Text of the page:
Open-government advocates are increasingly calling for the Supreme Court to allow cameras to broadcast its proceedings, but the justices “remain opposed to the idea,” according to the Reporters Committee for Freedom of the Press.
A group of media and legal organizations called the Coalition for Court Transparency petitioned Chief Justice John Roberts in March to begin televising the high court’s arguments, but its press office said it wasn’t going to happen. The publication notes that it is part of the coalition.
“There are no plans to change the Court’s current practices,” the press office replied.
The report notes: “Over the years, justices have given many reasons for banning cameras. Among them: the Court needs to preserve its tradition; people will not understand the function of oral arguments; the media will use embarrassing sound bites; and cameras will encourage showboating."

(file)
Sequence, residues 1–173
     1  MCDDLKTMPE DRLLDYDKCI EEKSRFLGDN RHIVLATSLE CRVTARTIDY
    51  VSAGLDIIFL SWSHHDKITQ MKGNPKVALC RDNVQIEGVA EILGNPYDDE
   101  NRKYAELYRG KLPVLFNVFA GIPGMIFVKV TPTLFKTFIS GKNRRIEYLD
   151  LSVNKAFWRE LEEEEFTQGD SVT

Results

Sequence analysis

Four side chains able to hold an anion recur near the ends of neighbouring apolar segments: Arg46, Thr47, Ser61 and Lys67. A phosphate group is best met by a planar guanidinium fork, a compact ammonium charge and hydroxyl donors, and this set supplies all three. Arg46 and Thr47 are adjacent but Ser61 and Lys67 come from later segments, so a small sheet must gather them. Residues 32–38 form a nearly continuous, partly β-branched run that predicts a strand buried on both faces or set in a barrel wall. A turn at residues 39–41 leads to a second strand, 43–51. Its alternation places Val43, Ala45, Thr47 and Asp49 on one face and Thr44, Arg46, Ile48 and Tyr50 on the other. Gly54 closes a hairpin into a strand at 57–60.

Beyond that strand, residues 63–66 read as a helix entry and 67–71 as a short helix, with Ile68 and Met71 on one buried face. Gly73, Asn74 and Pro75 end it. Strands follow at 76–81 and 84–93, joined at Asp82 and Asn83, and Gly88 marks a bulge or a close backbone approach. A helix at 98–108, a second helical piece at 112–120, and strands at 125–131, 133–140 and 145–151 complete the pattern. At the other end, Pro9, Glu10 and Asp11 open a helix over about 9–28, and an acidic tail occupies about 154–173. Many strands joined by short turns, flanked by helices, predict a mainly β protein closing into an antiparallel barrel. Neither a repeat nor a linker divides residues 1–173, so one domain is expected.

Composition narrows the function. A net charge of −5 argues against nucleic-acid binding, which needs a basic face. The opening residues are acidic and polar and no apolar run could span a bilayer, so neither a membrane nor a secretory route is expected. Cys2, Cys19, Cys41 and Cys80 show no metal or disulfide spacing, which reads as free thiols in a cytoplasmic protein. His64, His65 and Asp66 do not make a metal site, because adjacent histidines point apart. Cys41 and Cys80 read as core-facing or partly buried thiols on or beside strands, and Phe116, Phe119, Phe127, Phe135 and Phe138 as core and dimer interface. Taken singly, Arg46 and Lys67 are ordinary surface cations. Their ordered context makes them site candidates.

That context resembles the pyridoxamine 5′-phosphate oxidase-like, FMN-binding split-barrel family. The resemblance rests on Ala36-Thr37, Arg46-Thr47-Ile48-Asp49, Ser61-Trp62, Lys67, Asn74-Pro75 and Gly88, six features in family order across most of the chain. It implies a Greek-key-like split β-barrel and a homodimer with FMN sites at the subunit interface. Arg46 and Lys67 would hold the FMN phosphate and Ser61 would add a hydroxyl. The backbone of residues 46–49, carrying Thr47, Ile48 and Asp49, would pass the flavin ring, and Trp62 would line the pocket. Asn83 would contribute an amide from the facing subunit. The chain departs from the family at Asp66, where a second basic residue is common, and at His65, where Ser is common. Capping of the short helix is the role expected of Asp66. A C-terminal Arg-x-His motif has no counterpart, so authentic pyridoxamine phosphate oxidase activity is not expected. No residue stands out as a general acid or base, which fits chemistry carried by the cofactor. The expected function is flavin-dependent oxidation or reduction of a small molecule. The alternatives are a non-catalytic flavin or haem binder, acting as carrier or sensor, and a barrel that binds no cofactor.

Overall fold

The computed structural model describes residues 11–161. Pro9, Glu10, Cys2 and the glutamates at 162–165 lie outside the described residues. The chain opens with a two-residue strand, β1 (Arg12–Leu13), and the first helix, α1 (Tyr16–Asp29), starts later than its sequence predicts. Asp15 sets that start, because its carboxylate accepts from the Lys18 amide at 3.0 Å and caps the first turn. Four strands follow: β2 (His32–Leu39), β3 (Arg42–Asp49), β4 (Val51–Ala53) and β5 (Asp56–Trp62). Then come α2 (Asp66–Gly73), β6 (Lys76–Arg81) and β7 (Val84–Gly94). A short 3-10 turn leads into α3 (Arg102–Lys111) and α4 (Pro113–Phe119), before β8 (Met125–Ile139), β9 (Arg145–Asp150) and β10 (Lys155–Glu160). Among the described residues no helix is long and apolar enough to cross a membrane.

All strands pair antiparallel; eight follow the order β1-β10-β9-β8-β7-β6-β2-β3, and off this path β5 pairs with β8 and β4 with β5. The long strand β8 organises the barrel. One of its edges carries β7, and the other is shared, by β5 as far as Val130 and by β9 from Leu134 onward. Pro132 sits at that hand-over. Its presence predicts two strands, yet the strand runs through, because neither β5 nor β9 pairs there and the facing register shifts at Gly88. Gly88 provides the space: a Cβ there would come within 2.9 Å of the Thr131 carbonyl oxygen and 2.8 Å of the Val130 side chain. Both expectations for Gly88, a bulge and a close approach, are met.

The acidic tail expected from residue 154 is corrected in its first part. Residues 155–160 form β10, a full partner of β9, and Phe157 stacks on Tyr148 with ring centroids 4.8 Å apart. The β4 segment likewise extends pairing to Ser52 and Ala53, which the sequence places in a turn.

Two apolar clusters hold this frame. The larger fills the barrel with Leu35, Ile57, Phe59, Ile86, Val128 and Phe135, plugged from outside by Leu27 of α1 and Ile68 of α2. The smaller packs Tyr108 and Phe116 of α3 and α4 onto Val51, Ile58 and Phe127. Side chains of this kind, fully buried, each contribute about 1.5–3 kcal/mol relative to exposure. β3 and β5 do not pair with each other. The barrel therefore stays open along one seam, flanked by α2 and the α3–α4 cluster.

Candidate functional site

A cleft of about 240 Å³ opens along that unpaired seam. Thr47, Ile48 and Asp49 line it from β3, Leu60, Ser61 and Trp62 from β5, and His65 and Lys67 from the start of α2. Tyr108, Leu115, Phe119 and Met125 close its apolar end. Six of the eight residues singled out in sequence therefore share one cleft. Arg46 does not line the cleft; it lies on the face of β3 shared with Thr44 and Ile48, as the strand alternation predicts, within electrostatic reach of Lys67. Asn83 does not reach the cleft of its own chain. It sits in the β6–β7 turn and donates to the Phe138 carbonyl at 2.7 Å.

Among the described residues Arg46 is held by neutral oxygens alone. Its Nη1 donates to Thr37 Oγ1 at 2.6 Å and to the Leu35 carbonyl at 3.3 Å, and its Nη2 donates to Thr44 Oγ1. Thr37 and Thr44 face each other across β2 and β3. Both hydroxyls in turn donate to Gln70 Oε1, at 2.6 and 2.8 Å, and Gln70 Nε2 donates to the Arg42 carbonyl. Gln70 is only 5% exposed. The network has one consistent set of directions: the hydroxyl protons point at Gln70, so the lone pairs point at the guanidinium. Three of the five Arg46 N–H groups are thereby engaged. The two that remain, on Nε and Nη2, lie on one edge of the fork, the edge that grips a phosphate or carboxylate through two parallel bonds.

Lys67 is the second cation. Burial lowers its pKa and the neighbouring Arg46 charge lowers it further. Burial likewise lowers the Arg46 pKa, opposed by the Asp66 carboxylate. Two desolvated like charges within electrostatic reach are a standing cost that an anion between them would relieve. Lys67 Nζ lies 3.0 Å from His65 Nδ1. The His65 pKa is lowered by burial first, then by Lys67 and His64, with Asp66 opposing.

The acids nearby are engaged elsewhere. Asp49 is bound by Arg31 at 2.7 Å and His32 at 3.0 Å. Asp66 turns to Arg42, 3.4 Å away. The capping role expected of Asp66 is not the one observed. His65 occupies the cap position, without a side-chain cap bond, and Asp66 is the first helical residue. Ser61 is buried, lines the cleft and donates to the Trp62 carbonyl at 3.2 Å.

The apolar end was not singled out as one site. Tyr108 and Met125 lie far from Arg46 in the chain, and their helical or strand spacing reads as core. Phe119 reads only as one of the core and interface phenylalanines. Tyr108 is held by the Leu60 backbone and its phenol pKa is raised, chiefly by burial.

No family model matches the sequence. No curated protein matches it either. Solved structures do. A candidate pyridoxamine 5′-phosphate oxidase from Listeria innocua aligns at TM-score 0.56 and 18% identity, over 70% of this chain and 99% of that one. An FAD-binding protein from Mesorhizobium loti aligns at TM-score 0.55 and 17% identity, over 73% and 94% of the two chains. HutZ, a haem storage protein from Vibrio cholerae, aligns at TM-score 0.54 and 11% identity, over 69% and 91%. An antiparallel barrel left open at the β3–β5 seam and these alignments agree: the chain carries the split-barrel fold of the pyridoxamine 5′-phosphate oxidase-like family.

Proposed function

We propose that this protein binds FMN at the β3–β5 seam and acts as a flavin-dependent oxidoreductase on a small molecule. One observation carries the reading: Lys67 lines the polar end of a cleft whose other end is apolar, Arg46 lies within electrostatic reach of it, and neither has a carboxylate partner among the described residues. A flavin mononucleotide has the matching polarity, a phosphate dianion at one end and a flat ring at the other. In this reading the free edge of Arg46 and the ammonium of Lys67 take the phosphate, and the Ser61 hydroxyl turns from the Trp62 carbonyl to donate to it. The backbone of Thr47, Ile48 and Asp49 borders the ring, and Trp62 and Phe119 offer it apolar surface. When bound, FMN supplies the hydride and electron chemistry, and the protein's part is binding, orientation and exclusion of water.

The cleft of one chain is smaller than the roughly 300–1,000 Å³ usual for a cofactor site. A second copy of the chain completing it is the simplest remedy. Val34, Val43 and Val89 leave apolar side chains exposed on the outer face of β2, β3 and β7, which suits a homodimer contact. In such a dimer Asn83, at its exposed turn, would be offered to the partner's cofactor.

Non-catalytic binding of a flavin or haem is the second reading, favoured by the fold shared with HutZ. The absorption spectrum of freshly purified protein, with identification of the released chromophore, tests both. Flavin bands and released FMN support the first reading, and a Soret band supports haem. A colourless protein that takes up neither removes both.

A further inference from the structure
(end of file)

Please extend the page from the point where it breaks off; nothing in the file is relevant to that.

The benefits, some argue, outweigh the downsides.
“There’s a real hunger out there from people to know more about the Supreme Court and the justices,” said Ariane de Vogue, Supreme Court correspondent for ABC News. “I think it would be a marvelous educational opportunity.”
The court does release audio recordings, which are issued the Friday after each argument. In some cases, it makes exceptions and releases same-day audio for high-profile cases. Written transcripts of oral arguments and opinion announcements are released the same day.